New York manager Johnny McGeeney has said that immigration concerns will not impact their panel for their upcoming trip to Ireland for the Connacht semi-final with Sligo on 22 April.

The Armagh native was speaking to RTÉ'S Sunday Sport in the wake of their historic provincial win over Leitrim in the Bronx – New York's first-ever championship win – and he said that last year’s trip to Ireland for a Tailteann Cup meeting with Offaly has smoothed the way.

"No, my only concern is injuries," was his reply when asked about whether or not some players would opt not to appear at Markievicz Park.

"Out of the 43 lads that we kept on, 40 of them were able to go home [for the Offaly game] so we have no problem that way."

Not only was the Leitrim win New York’s greatest ever night, it also led to an extra smile between McGeeney and midfielder Johnny Glynn given that the former Galway hurler had told him all the way back in January that they would win on penalties.

By that stage New York were already well into their preparations for the game, a sign of just how seriously they took the fixture.

"I've never felt as confident in a team from when we got beat by Sligo and then we got the tanking off Offaly at home," McGeeney continued.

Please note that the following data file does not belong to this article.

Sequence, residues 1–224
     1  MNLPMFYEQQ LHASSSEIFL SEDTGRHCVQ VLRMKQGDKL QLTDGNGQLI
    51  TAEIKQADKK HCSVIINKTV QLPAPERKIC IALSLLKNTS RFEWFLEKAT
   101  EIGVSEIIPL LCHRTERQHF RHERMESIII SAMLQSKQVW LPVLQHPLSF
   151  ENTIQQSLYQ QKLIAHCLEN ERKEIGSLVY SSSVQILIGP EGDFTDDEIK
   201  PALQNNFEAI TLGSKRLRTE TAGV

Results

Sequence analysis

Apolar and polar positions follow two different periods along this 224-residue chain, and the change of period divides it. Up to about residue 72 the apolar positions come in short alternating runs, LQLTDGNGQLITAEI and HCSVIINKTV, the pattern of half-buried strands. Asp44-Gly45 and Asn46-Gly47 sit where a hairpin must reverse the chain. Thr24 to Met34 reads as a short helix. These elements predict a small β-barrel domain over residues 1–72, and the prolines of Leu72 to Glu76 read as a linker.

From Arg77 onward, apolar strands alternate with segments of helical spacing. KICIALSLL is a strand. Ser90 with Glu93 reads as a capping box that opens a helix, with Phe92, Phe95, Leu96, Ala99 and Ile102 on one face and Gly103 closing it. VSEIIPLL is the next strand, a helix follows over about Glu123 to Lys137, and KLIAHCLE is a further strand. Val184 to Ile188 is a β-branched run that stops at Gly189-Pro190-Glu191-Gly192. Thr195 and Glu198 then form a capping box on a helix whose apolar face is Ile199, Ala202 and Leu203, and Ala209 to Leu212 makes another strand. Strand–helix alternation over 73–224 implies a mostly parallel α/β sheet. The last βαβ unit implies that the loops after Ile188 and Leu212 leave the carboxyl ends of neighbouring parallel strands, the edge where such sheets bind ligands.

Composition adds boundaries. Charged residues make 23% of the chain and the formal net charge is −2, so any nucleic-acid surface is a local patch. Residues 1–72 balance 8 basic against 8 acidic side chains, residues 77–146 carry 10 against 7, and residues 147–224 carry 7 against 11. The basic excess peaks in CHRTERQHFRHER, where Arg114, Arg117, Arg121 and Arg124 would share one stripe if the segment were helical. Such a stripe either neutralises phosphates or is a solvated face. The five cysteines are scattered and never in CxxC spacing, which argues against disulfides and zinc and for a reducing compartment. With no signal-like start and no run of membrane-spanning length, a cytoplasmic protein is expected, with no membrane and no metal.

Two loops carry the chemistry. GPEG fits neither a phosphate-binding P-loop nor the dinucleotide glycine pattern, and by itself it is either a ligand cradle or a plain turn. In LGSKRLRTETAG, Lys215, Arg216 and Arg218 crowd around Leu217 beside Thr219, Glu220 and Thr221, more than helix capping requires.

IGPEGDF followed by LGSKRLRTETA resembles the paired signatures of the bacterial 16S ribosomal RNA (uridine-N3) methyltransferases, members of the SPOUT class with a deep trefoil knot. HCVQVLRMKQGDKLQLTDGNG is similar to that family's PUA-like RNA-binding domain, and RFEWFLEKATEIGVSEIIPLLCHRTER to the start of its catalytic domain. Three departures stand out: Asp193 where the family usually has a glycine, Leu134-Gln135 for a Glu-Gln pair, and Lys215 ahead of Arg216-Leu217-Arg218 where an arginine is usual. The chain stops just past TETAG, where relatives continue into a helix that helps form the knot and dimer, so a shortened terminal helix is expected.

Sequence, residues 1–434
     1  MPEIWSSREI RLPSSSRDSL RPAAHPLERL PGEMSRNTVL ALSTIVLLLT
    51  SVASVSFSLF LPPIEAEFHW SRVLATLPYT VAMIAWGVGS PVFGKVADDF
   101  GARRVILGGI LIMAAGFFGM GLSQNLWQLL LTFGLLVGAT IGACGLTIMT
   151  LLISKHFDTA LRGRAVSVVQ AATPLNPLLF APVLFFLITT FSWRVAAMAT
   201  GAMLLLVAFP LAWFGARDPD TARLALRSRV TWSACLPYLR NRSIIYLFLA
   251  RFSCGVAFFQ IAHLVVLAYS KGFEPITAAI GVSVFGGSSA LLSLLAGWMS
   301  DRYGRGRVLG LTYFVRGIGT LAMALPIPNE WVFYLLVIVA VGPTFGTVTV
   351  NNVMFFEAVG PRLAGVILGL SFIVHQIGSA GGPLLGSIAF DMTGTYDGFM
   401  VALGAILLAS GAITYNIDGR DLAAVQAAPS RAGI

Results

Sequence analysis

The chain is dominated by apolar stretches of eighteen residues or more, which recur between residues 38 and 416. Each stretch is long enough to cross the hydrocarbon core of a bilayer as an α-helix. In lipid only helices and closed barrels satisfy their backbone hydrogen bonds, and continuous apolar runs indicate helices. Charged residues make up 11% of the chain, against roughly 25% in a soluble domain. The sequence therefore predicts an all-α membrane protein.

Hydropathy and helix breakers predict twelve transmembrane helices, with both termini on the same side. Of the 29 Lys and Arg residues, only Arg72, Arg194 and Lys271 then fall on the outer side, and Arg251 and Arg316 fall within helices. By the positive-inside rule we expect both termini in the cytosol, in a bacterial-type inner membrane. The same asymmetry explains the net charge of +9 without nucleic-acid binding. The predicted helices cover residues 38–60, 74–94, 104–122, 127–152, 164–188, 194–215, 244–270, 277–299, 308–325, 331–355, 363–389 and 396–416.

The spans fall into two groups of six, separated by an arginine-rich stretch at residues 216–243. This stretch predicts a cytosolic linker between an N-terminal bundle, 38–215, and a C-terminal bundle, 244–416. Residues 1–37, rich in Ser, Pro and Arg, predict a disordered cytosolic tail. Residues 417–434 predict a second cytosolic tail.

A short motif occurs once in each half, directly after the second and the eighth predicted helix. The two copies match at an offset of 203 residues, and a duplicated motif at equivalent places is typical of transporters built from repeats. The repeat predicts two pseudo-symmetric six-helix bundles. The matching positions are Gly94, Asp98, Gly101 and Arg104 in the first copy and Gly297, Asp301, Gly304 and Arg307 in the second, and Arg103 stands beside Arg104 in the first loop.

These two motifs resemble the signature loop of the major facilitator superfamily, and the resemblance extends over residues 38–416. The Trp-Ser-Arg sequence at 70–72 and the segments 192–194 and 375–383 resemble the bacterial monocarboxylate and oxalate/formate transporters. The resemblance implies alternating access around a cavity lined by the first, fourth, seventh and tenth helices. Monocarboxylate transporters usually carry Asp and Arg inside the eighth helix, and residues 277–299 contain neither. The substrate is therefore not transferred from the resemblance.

"We gathered that night and we spoke and when we held our first training session...usually you wouldn’t do it until January but I said I'd go against it, and I went two weeks before Christmas.

"I just put out a message to see if anyone was interested and from last year, 95% of the lads returned and that was a big lift.

"I knew there and then."

McGeeney can now look forward to meeting his old neighbour Tony McEntee, currently in charge of Sligo, and with this win under their belt, whatever happens from here it has been a story to remember.

"I know the TV didn’t catch it but I was sitting on the waterbox, I didn’t watch the penalties I was just going by the reaction of the crowd.

Gavin O'Brien of New York in action against Pearce Dolan, left, and Shane Quinn of Leitrim

"When I knew 'Brosy’ [Mikey Brosnan] was stepping up last I knew he was going to score because he actually didn’t care if he scored or not.

"I know that doesn’t make sense, but he’s never won before, he’s never known any different. He grew up playing in New York since he was no age, I just knew when he was stepping up it was going to happen."

McGeeney also had some words of encouragement for Leitrim manager Andy Moran and said that people needed to realise just how difficult a game in Gaelic Park can be.

"I spoke back to someone on Twitter who said it was Leitrim's worst performance ever, but you have to understand they travelled 3,000 miles, they’re coming to our back yard, they’re playing at 11 o’clock at night.

"You have to respect that you can’t just turn around and tell them it’s their worst performance ever.

"It’s going to be the same for us going back to Ireland in two weeks."